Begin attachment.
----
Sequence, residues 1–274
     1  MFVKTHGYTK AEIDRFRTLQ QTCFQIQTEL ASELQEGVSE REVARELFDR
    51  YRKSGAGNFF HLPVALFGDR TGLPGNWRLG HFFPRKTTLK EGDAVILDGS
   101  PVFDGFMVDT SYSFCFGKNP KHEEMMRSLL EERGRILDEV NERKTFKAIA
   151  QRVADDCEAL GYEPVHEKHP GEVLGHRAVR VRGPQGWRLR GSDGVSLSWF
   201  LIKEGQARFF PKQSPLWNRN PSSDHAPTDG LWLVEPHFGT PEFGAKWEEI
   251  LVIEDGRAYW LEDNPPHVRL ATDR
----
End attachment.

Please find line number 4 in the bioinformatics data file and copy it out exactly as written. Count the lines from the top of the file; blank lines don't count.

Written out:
   101  PVFDGFMVDT SYSFCFGKNP KHEEMMRSLL EERGRILDEV NERKTFKAIA